There are 10 of us in the Chopin class, so during the last several weeks I let kids choose their composers from Tommasini’s list. The kids had plenty of opinions about his picks. “OK. Where’s Chopin?” several of them asked, annoyed that the namesake of their class didn’t make the cut. “And Schumann? What about Kabalevsky?” (They are a rather piano-centric bunch, to be sure.) Mostly I just listened to them chatter, thrilled that they knew enough to have opinions. “I’d put on Copland,” said one student. “Shouldn’t Joplin be on this list?” asked another.
Beethoven, Mozart, Debussy, Brahms were quickly grabbed up. “Bartok! Ugh! I hate Bartok. What is he doing here?” a number of them complained. To be fair, they hardly have a holistic view of Bartok, familiar as they are primarily with the Mikrokomos books. I use these volumes for technique work and, across the board, the kids hate them. These exercises are fabulous for teaching how to organize the physical gestures of phrasing between the hands. There is nothing like them for getting straight to the heart of the coordination challenges of counterpoint. And the tonality is so wacky that they inadvertently provide great sight-reading because kids learn quickly they can’t trust their ears. But the Mikrokosmos are certainly a microscopic view of Bartok and his compositional range, and exposed primarily to this limited knowledge of Bartok, the kids do not think highly of him. In fact, most of my students now form a group we have named the “Bartok Club.” The Bartok Club is full of students who so hate playing the Mikrokosmos that this assignment has become a battleground between us. My compromise is that for every week they successfully play their Bartok ditty, they get the next week off Bartok completely, letting us all feel like we’ve won. I was curious to see which kid would choose Bartok for their 5 Fun Facts. Finally, late in the process someone rose to the occasion. “Well, I’ll take Bartok,” said Simone, resigning herself to the chore. “I want to know what is so great about him.”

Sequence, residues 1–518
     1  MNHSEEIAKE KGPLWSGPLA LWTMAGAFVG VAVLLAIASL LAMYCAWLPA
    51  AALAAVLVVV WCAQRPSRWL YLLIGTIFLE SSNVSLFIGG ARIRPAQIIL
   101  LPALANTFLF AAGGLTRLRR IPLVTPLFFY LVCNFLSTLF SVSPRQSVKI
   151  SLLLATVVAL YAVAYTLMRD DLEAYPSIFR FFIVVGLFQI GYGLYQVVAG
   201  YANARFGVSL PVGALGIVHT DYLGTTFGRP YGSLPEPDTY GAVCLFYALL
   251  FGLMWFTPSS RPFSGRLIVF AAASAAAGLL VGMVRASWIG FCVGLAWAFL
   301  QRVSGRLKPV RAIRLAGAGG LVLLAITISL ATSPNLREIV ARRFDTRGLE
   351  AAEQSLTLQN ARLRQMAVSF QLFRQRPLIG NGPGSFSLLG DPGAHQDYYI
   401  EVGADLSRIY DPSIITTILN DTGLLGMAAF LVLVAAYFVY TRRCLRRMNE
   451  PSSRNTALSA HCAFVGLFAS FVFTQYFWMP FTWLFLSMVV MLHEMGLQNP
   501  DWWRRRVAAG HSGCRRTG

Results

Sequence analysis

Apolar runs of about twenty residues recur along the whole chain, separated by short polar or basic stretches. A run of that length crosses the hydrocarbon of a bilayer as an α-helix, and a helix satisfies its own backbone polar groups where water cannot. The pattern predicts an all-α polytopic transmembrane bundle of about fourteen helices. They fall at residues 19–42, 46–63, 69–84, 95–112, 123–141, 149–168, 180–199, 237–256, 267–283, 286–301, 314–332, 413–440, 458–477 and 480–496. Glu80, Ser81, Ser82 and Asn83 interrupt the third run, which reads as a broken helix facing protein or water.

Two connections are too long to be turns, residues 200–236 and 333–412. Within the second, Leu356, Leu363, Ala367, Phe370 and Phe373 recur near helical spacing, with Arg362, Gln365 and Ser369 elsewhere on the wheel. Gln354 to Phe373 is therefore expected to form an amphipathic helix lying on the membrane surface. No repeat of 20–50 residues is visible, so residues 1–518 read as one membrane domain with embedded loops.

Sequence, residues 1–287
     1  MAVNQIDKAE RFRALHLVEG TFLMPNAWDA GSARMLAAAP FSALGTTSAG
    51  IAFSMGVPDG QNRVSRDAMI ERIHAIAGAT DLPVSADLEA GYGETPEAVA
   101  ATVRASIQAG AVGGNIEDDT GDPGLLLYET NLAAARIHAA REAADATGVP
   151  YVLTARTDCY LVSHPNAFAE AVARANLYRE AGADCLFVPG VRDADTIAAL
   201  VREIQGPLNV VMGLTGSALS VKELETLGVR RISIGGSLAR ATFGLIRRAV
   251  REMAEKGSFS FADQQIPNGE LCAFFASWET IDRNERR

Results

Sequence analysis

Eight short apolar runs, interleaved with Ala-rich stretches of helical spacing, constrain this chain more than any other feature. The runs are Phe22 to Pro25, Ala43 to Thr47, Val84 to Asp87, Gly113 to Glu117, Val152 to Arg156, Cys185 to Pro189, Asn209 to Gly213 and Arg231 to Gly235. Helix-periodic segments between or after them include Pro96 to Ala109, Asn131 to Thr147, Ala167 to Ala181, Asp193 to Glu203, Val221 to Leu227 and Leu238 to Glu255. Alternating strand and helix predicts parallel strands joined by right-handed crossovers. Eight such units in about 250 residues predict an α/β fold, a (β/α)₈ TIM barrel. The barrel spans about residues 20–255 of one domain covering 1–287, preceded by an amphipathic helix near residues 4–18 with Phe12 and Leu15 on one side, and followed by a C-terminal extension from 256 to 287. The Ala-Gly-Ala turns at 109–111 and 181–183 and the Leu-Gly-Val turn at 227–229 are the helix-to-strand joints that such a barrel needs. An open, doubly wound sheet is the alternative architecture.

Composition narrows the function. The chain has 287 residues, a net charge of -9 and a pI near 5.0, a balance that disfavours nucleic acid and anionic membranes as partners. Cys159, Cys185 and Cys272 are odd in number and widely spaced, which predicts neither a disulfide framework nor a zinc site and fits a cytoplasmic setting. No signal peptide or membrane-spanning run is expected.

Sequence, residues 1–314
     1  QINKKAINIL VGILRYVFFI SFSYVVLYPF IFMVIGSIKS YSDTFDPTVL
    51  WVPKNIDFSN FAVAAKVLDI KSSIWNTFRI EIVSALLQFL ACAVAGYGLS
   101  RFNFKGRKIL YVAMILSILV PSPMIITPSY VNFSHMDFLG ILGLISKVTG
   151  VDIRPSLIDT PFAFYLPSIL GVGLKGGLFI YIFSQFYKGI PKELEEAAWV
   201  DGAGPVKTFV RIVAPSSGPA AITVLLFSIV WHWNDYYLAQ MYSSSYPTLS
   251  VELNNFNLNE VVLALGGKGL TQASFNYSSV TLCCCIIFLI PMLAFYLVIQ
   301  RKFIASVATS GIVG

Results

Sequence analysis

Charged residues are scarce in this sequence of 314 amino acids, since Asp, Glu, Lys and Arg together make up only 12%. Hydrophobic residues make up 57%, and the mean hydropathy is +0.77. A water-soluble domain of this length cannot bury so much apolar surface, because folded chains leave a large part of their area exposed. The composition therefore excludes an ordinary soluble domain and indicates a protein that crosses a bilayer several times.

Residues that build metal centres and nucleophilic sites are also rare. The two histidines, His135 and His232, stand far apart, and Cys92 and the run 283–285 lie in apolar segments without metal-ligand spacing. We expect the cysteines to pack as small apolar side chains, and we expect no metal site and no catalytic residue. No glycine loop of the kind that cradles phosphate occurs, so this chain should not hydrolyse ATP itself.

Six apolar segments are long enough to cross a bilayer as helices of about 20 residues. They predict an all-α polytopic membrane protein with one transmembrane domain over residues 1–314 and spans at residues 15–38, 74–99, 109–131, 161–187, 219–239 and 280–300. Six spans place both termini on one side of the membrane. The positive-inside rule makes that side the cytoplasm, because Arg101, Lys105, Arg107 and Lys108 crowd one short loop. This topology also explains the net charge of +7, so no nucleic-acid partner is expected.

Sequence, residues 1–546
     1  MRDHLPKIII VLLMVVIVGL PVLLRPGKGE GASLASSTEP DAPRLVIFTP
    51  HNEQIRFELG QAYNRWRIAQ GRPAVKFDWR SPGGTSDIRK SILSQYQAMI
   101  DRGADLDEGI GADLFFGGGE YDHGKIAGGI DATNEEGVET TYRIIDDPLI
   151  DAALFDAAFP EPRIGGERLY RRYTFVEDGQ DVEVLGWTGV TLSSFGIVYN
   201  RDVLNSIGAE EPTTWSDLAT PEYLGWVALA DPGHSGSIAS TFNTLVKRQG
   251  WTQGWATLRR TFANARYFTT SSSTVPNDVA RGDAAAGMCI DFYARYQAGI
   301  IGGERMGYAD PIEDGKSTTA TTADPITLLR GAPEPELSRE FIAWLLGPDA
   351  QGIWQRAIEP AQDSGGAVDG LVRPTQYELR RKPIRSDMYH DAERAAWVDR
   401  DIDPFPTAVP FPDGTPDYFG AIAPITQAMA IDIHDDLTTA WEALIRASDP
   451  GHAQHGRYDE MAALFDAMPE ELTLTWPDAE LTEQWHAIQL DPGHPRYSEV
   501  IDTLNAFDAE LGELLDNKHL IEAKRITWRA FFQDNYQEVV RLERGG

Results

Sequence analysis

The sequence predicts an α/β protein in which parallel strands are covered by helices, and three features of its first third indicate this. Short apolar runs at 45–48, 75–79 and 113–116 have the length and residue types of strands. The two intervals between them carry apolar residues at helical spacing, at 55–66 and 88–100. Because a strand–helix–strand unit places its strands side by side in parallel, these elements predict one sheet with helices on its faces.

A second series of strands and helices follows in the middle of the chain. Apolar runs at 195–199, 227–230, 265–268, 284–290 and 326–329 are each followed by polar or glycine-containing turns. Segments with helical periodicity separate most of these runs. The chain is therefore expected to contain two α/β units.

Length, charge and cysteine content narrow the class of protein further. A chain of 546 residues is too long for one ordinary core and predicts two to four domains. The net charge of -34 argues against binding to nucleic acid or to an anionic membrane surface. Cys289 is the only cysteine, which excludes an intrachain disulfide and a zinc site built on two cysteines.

Last night we took on the composers in order, each student sharing their 5 Fun Facts. As usual, the kids got straight to the non-essential information, quickly diving into Wagner’s anti-Semitism and Schubert’s supposed syphilis. And who knew Bartok suffered from painful childhood eczema? Now we do.
“Are you going to feel better about Bartok now that you know he had eczema?” I asked them. Some of them reluctantly shrugged, “Maybe.” I’ll take it. I’m not above using painful medical conditions to help generate good will and respect.
After we finished laying out postcards with the 10 composers into their appropriate musical periods on the floor in front of us, Jake looked at the cards and announced, “Miss Amy, these are all dead white European men.” I was pretty impressed with this categorization, since I’m fairly sure he has never heard the phrase “Dead White Men” when referring to composers of western music. Of course, he was right. There isn’t a non-Anglo or woman in the group, but that is hardly a surprise.
Still arguing, the kids trooped out into the evening, another performance class behind us. I wonder, not for the first time, what they will remember about these evenings together. Schubert’s syphilis? Their own performances? The occasional cupcakes? It hardly matters. What I most want is for them to feel a part of a community of musicians and to take this identity with them as they grow up and away from us.
Bartok’s eczema? Now that’s a bonus.
Tommasini’s Top 10 Composers:
March 6th, 2011 :: Teaching Days
In the studio, many of my students are learning a stack of Dennis Alexander's new and still unpublished pieces. "You mean I get to play this before anyone else in the whole wide world?" one little guy asked me. "Yep." I replied, "and Mr Alexander wants to know what we think." Josh is going to play one of these pieces on an upcoming recital, and I suggested that he write Dennis and invite him to come. His note read:
Dear Mr Alexander:
I am playing Capriccio in G Minor on a city recital. I hope that you can come! I think that Capriccio in G Minor is a good piece but there are some changes I would like to ask you about.
I am a bit uncomfortable with this kid's spunk. Secretly, I am afraid I no longer have this kind of confidence in my own opinions. “What changes?” I asked him. “You know,” he shrugged, “important stuff. Like dynamics."
"It's unsettling when you realize there are only so many things you can teach a child," wrote Fred Waitzkin in Searching for Bobby Fischer. "And, finally, they are who they are."
Contact Amy Greer at: firstname.lastname@example.org